The Minister of State for Culture (Independent Charge), Tourism (Independent Charge) and Civil Aviation, Dr. Mahesh Sharma in the presence of Chairman, Aga Khan Development Network, His Highness the Aga Khan laid the foundation stone of a Site Museum at the Humayun’s Tomb Complex in New Delhi today. Humayun’s Tomb is one of the 25 Adarsh or “model” monuments recently designated by the Union Ministry of Culture. Construction of the Site Museum is expected to take 30 months.
Appreciating the efforts of Aga Khan Development Network(AKDN) in around the Humayun Tomb complex, Dr Mahesh Sharma said that it is a classical example of synergy between the government and a non-profit organisation in preserving the heritage of the country and taking it to the world. The Minister said that the Site Museum will be a recognition of cultural heritage of the country and help promote tourism. India has a rich cultural heritage but we have not been able to bring it fully before the world, Dr Sharma added. The Site Museum will be one such effort to portray the great Indian history, the Minister elaborated.
His Highness the Aga Khan appreciated the government support to the path-breaking initiative of AKDN , the Urban Renewal Initiative, in revitalizing and unifying the three historical sites of Humayun’s Tomb, Nizamuddin Basti and Sunder Nursery into one unique heritage precinct. The Site Museum will provide a gateway to all the three and will give an insight into history of the Mughal empire, His Highness the Aga Khan explained.
The Archaeological Survey of India called for the creation of a Site Museum In response to the dramatic increase in visitors to the Humayun’s Tomb complex. The Aga Khan Trust for Culture (AKTC) – which has undertaken conservation works on over 50 monuments in Delhi, including the restoration of Humayun’s Tomb – proposed the construction of a state-of-the-art site museum to be built at the entrance to the World Heritage Site. The Ministry of Tourism has pledged Rs 49 Crores (US$ 8.0 million) towards the construction cost of the Site Museum.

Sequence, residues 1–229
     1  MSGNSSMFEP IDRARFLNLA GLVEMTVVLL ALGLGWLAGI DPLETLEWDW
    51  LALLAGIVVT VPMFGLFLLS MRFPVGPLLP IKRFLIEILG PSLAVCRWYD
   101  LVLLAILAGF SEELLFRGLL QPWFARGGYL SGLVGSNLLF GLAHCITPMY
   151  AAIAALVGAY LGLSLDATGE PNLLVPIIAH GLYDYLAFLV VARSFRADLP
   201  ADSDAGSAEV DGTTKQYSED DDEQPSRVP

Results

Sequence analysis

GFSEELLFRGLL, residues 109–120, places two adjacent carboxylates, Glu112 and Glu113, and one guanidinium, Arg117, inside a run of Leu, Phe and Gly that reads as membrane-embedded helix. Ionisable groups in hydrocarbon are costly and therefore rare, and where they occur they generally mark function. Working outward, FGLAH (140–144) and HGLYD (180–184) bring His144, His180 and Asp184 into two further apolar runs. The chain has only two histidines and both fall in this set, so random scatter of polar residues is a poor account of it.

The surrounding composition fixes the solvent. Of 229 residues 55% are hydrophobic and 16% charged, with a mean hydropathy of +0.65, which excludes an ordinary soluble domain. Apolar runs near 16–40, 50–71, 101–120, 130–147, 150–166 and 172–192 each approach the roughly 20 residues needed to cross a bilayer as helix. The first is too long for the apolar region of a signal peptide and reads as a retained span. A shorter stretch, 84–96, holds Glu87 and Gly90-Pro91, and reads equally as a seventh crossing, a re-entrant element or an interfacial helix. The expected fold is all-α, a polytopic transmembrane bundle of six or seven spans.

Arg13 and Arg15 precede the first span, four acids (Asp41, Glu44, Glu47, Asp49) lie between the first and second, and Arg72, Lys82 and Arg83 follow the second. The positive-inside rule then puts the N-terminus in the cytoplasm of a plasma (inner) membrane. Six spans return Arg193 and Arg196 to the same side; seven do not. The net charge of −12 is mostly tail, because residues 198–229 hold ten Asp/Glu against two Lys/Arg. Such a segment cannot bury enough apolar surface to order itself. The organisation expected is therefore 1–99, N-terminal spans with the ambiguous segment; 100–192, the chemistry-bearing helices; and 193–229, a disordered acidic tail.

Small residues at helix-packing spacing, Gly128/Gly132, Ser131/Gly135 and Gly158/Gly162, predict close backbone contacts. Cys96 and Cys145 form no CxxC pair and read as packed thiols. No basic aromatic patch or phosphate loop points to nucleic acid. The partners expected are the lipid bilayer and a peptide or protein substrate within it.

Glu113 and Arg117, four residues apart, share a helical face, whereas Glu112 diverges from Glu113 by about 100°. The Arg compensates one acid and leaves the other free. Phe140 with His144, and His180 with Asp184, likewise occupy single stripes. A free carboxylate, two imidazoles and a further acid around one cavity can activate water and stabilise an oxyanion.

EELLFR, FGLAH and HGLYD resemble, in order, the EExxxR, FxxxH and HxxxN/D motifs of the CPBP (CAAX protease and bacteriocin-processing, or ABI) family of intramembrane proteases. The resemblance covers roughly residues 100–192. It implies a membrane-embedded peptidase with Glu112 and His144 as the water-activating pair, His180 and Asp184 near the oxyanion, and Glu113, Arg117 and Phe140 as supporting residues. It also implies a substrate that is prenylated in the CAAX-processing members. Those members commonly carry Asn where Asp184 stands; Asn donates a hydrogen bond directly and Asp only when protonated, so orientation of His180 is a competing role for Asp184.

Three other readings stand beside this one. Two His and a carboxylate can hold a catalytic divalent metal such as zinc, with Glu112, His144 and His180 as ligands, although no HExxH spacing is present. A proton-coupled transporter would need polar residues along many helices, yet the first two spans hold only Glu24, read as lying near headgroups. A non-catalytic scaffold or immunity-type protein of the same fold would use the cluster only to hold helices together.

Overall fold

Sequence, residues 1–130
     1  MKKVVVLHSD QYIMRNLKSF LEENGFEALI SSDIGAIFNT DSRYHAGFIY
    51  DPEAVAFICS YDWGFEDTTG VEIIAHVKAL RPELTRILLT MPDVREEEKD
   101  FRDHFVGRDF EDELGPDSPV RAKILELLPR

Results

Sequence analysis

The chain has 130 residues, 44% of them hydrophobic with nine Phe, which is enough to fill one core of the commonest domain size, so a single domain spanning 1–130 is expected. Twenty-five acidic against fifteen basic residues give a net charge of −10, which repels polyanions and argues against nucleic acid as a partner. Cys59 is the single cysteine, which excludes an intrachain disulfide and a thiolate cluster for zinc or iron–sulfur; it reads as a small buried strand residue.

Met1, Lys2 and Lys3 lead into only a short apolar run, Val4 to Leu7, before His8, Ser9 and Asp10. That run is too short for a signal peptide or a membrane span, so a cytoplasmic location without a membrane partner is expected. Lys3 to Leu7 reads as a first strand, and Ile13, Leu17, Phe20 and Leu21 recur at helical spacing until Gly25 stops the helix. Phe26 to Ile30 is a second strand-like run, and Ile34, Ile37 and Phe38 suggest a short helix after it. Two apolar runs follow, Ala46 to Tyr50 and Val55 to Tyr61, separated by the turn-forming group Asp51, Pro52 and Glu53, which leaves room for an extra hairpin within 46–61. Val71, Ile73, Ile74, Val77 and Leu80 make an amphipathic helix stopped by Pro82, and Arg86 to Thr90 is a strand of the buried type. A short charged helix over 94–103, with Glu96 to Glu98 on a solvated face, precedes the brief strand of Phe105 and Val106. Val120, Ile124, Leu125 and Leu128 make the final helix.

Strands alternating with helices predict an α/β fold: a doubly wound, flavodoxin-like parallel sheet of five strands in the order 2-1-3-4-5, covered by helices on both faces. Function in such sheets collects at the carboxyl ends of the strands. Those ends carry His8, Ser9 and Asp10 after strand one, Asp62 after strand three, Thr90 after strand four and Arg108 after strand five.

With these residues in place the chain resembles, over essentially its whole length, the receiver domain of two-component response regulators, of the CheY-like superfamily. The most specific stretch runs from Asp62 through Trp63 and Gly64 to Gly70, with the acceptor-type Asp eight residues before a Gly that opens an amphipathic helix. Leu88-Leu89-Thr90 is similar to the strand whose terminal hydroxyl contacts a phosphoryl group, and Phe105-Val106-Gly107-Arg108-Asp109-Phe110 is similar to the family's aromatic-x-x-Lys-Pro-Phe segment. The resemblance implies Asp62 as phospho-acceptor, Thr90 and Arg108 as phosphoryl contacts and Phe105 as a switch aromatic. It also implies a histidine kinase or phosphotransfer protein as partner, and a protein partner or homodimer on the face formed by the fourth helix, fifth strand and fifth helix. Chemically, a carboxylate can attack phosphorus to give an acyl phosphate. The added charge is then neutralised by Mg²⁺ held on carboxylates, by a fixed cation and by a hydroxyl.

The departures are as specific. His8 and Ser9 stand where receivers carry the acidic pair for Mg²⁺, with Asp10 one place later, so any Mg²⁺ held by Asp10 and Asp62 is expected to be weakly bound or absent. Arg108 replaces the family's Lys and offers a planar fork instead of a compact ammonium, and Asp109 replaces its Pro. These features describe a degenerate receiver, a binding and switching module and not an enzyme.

The purpose of the Museum is to provide a better understanding of Mughal architecture and building craft traditions and it will also shed light on the development of the Nizamuddin area over the last millennium. Perhaps most significantly, it will highlight the area’s pluralist cultural traditions.
The Site Museum will include a permanent exhibit, galleries for temporary exhibits, an auditorium for film screenings, a souvenirs shop and a café. Live demonstrations of building crafts such as stonework and plaster work, as well as other prominent Mughal crafts, will be a permanent activity.
The sunken, low-profile design, which was inspired by the traditional baolis of northern India, ensures that the visual aesthetics of adjacent 16th century monuments, such as the Sabz Burj, Isa Khan’s Tomb and Sundarwala Burj, will not be disturbed.
Two million people visit the Humayan’s Tomb complex annually, including over 500,000 children. An even larger number of pilgrims – from across the world and of many faiths – visit the adjoining Dargah of Hazrat Nizamuddin Auliya, the 14th century Sufi saint.
Secretary Culture Mr Ravindra Singh, Secretary Tourism Dr Lalit Panwar and senior officials of Ministry of Culture and Ministry of Tourism and AKDN were present on the occasion.
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